Google Is Making Your Eyeball A Camera

popmech:

Google announced their smart contact lens a couple months ago – one that could measure glucose without the need to prick the skin, a huge boon for those with diabetes. Not the sort to pause and take a breath after a win like that, the mad scientists of Silicon Valley already have version 2.0 on deck at the patent office, and, like every good piece of wearable tech, it’s got a camera attached. This means that soon you could be snapping selfies in every reflective surface you walk by with just a whim and a blink. Or, better yet, you could take a picture of literally anything else. Of course, bear in mind these are just patents - it could be a little while before you’re trolling South Beach winking at every bikini you see.

Google Is Making Your Eyeball A Camera

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fastcompany:

HBO director of digital and social media Jim Marsh breaks down the Game of Thrones approach to social marketing and fan engagement.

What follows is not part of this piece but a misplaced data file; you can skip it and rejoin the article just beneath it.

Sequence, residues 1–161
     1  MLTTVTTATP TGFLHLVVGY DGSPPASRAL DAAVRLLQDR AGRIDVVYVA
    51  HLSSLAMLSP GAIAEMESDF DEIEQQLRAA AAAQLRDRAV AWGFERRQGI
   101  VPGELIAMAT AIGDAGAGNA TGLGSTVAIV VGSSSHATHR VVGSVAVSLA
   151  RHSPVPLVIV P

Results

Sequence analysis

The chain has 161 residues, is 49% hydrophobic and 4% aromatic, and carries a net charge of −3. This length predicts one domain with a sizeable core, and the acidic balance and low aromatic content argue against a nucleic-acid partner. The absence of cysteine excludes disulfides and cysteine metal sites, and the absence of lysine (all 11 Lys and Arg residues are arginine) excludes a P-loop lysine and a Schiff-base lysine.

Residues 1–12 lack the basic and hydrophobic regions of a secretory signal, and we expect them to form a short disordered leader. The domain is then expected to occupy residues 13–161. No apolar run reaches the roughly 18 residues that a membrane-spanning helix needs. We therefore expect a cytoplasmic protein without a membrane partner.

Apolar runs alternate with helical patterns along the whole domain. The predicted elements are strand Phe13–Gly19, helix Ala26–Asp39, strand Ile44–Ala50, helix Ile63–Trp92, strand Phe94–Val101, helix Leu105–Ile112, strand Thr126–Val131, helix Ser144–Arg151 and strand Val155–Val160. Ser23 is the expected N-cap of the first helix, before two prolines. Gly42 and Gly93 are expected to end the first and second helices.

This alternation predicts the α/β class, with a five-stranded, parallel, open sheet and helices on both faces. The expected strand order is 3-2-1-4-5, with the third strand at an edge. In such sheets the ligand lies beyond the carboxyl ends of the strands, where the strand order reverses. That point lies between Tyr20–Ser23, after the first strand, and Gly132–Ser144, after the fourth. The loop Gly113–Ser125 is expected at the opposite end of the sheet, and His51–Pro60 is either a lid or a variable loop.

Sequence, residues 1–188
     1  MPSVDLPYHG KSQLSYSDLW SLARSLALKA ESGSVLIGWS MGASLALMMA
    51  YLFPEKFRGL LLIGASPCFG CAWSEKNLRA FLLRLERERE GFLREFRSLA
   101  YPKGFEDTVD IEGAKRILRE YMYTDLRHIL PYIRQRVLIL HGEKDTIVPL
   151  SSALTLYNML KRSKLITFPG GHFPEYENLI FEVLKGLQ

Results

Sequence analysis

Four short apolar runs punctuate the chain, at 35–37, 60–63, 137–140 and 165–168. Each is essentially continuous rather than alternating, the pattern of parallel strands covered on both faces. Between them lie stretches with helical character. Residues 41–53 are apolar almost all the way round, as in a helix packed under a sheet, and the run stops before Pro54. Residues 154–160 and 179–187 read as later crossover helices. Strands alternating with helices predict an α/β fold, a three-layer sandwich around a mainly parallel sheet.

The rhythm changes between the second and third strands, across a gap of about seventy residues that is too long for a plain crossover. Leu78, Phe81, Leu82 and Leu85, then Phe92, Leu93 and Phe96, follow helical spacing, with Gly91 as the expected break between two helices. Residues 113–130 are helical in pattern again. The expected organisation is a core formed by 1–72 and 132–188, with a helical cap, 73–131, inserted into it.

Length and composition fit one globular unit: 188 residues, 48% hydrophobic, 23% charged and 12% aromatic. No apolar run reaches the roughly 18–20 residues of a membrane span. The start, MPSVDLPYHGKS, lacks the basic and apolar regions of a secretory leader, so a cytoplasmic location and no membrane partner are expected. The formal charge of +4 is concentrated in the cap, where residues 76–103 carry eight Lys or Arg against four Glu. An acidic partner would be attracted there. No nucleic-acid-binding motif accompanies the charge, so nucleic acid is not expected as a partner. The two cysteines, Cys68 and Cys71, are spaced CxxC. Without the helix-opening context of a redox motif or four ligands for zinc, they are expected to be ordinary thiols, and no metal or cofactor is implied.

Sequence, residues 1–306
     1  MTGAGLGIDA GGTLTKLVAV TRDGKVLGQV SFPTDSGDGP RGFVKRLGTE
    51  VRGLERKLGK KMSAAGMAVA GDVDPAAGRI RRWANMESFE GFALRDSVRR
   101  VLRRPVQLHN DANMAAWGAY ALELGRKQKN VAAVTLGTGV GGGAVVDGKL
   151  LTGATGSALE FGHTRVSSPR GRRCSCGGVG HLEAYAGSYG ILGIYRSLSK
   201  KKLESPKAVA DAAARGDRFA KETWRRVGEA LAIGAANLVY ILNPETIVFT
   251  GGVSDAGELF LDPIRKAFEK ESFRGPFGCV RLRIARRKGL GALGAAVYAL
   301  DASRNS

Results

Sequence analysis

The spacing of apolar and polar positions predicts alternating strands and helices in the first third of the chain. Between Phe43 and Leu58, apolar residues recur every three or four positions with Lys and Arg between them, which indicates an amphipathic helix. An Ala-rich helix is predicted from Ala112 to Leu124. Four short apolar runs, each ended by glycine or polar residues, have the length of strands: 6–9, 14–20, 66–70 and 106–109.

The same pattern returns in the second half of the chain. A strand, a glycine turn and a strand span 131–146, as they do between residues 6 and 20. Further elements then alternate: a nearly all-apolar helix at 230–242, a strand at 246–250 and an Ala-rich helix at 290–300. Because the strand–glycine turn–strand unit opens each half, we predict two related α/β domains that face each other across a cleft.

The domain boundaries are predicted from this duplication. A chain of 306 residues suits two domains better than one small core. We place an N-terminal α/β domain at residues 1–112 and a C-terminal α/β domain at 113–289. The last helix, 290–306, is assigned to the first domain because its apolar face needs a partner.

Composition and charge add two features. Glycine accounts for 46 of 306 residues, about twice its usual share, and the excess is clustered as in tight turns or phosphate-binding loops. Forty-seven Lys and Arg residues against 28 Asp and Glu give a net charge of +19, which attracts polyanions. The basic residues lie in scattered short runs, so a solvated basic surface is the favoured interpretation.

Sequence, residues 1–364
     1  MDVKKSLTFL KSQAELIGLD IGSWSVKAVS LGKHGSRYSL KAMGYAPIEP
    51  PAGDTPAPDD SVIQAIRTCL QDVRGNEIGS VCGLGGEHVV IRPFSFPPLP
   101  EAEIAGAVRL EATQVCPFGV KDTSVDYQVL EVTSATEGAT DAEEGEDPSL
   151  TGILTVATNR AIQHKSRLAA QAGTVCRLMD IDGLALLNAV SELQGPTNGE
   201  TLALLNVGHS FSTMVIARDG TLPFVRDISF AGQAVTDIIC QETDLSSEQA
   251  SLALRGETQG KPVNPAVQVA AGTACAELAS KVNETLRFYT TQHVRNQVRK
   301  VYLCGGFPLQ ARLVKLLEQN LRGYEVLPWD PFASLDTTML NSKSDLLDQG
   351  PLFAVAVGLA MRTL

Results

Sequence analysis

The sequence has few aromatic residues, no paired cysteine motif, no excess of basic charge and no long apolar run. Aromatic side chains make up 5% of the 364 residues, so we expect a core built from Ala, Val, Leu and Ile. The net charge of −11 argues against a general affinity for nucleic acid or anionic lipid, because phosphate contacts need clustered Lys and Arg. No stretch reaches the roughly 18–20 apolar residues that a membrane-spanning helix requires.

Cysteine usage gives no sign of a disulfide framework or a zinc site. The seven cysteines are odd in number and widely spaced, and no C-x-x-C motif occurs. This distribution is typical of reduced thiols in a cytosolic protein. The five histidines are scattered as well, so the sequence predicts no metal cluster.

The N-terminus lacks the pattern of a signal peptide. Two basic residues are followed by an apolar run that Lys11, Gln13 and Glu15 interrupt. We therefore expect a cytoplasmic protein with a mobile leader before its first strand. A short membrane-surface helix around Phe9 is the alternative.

HBO has managed to ride the wave of fans’ organic social interaction around the show by getting involved in the conversations, while also using creative campaigns to keep stoking the fire during and between seasons. 


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fastcompany:

HBO director of digital and social media Jim Marsh breaks down the Game of Thrones approach to social marketing and fan engagement.

HBO has managed to ride the wave of fans’ organic social interaction around the show by getting involved in the conversations, while also using creative campaigns to keep stoking the fire during and between seasons. 

image

Read More>

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EntertainmenttelevisionSocial mediain case you missed it

Instagram’s Golden Hour